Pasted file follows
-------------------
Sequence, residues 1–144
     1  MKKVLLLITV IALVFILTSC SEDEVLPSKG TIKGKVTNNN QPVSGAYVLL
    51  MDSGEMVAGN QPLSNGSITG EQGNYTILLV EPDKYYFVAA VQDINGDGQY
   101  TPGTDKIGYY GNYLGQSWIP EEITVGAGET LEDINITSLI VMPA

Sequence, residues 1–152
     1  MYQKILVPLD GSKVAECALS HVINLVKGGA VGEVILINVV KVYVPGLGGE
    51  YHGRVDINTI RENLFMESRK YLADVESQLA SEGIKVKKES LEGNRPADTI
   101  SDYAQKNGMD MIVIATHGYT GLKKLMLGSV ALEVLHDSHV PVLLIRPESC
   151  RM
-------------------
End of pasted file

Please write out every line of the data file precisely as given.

Sequence, residues 1–144
     1  MKKVLLLITV IALVFILTSC SEDEVLPSKG TIKGKVTNNN QPVSGAYVLL
    51  MDSGEMVAGN QPLSNGSITG EQGNYTILLV EPDKYYFVAA VQDINGDGQY
   101  TPGTDKIGYY GNYLGQSWIP EEITVGAGET LEDINITSLI VMPA

Sequence, residues 1–152
     1  MYQKILVPLD GSKVAECALS HVINLVKGGA VGEVILINVV KVYVPGLGGE
    51  YHGRVDINTI RENLFMESRK YLADVESQLA SEGIKVKKES LEGNRPADTI
   101  SDYAQKNGMD MIVIATHGYT GLKKLMLGSV ALEVLHDSHV PVLLIRPESC
   151  RM